Am I packed? No chance. I still haven’t changed the habit of a lifetime, packing two hours before I am due to go. My daughter, who has spent 28 years dropping me off at airports, tells me nothing’s changed… we can still only find one hiking boot and most of my clothes are packed away at the back of the attic. There is a mini panic going on (not by me of course)!

As I find all the different equipment that I need the memories flood back of the amazing journeys I have been on in the past – particularly in Peru, where I am headed now. I wouldn’t say I’m a hoarder but I find it hard to throw away items that I have found to be of great service – boots, anoraks, ponchos and those jeans I can still squeeze into. So the suitcase is packed in preparation for every eventuality, from the heat of the jungle to freezing evenings in the Andes.

I feel so privileged to be about to take like-minded travellers on an amazing spiritual adventure and introduce them not only to the team that looks after us over there but the families who I have watched grow and develop with our support.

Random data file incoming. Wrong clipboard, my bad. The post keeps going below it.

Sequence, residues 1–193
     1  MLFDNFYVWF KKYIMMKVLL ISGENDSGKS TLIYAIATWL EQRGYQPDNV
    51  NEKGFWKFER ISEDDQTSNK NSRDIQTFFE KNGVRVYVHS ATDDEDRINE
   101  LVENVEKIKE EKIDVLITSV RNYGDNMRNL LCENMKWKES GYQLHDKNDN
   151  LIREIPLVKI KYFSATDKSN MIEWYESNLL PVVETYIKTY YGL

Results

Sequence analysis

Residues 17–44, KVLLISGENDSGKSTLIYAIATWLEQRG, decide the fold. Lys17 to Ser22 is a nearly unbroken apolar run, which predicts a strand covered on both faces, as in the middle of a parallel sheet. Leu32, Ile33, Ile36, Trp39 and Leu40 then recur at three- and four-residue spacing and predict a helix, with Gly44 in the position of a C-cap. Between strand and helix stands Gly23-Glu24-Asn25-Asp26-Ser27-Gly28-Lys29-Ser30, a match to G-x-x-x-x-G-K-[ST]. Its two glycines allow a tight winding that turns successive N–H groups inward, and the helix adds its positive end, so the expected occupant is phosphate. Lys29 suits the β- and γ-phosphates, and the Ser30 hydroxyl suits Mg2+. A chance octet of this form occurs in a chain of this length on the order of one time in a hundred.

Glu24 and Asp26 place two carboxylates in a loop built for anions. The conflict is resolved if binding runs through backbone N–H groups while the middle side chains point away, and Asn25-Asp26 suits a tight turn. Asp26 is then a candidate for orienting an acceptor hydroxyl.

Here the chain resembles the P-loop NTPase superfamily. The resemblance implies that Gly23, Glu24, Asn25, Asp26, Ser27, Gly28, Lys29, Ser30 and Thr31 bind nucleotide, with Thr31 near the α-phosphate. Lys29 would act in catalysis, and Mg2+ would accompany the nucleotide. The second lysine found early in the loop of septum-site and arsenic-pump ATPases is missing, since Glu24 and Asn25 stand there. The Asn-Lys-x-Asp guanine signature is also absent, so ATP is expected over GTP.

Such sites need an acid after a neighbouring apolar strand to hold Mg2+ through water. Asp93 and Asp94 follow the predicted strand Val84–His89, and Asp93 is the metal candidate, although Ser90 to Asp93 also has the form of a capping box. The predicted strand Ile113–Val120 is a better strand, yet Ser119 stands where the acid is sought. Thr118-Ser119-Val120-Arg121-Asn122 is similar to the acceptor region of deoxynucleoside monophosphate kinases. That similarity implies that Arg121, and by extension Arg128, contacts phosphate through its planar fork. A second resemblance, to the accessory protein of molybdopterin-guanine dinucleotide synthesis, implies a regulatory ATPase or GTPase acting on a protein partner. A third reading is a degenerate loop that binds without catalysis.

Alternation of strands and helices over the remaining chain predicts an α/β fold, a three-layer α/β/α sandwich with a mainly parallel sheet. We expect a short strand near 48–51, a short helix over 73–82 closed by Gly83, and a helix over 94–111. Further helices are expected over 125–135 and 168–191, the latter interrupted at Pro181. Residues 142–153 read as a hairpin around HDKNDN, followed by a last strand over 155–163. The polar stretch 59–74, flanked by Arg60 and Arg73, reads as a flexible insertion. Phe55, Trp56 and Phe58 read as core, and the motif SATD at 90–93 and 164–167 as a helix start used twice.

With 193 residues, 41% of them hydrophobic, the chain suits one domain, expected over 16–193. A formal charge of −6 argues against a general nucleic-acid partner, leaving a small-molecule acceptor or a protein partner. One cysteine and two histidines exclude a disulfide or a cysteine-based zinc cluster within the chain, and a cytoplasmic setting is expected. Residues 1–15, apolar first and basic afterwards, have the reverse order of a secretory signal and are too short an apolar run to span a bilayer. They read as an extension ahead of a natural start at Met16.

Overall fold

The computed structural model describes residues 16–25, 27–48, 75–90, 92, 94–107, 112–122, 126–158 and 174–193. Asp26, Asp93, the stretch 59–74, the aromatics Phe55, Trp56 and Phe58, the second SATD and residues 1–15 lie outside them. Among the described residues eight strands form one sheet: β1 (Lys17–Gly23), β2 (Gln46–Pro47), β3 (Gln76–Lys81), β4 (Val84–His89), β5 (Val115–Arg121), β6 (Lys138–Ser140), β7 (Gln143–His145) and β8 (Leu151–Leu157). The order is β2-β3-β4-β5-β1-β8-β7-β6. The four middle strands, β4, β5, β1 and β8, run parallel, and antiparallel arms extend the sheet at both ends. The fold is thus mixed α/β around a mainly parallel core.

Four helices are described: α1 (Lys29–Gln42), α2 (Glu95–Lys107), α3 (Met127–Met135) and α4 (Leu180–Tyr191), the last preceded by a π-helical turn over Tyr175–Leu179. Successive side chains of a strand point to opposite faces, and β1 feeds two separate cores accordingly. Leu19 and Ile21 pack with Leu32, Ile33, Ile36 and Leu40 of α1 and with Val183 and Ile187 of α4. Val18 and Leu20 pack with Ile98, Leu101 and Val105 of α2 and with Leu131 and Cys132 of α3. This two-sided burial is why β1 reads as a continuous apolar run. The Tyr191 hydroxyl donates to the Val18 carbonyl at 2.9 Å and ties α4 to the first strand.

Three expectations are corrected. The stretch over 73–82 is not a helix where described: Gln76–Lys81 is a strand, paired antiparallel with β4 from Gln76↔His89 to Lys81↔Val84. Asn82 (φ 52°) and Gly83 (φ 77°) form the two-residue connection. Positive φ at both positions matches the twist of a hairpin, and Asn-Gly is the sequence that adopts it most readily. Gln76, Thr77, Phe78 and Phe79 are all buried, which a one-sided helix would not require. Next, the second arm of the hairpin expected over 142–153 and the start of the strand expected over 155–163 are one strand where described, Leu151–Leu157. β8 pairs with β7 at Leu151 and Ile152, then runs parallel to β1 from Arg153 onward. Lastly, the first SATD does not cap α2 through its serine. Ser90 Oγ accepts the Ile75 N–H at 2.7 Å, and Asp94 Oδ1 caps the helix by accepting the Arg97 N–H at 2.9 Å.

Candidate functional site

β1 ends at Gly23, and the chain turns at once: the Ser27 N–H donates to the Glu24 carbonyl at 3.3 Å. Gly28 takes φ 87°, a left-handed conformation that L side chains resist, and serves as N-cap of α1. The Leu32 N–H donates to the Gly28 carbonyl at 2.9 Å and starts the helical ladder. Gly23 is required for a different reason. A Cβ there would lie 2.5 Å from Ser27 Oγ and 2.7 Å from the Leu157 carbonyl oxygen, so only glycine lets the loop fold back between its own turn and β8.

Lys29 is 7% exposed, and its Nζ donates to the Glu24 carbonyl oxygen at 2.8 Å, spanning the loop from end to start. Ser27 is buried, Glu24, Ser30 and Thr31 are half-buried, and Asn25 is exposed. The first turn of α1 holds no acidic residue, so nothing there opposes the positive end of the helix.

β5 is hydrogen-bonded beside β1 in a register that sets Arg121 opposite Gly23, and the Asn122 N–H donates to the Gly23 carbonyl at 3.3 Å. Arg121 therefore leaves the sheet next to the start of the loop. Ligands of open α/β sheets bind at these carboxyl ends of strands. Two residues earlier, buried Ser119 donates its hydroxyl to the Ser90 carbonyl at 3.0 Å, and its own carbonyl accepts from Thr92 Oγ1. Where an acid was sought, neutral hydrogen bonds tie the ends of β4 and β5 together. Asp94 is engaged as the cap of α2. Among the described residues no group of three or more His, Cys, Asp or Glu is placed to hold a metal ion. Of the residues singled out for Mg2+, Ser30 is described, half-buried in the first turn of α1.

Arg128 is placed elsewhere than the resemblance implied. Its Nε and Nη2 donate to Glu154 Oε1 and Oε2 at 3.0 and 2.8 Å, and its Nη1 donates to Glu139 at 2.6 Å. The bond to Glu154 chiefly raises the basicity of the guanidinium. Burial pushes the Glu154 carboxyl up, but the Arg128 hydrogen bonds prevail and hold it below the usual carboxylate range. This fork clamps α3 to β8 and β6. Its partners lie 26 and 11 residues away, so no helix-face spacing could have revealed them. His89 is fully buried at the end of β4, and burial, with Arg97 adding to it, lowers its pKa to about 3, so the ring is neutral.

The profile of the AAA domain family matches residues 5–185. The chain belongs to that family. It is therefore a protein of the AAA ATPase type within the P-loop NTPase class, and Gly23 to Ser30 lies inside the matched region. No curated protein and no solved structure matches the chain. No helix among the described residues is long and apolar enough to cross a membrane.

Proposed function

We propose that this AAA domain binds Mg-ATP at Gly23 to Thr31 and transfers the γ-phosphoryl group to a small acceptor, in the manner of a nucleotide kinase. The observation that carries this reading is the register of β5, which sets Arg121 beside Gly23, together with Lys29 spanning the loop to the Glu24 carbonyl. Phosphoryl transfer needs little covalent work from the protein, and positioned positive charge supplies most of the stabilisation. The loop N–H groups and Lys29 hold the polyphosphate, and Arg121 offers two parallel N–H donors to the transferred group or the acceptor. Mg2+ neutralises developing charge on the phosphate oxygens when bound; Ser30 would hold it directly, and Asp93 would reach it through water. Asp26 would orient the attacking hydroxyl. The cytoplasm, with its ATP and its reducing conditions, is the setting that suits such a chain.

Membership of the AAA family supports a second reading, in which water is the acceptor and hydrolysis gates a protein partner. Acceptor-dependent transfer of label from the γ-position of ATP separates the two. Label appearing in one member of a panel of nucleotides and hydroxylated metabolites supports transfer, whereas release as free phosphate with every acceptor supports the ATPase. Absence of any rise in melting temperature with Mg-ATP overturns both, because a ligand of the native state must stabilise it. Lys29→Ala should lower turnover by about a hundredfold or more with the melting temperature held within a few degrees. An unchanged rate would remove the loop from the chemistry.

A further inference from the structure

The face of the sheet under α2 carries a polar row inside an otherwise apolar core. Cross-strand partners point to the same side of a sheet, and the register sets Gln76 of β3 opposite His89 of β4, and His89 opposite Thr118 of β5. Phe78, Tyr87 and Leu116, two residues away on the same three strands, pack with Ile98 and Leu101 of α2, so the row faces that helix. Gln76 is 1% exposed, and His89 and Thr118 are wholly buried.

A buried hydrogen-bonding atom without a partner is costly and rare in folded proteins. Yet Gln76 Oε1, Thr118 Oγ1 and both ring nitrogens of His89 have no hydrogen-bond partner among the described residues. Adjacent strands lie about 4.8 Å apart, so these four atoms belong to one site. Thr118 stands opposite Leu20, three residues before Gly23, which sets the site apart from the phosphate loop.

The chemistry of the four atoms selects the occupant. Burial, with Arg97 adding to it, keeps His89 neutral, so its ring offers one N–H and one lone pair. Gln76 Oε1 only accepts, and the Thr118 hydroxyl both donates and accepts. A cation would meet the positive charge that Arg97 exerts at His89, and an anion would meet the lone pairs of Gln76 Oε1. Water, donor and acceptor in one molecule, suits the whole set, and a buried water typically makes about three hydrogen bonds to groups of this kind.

A person that is very close to my heart is Edith who lives between Cusco and Titicaca. In 2002 I decided to take a big busload from Cusco to Lake Titicaca. So that we could enjoy the landscapes of the Andes we pulled up into a small village. A beautiful girl with the most amazing smile and a baby in her arms (and one on her back) came running to meet us. I soon found out that this girl was in desperate need of help. She had created a small nursery for orphaned children in a cave. Having found out the full story of her vision we set about working to help her.

By my next visit I had raised funds to assist her in starting a small school, and to support the families who take these small orphans into their homes at night whilst Edith has them during the day. At the last count, when I left five years ago, there were 25 children from zero to eight years old. The families are paid to look after the children – so there are benefits on both sides.

I’m pleased to say that the project has grown and grown and the village is now prospering. Edith speaks English now and runs her school to help everyone in the village. I’ll report back when I get there to let you know what has changed – stay tuned!

Cusco at night…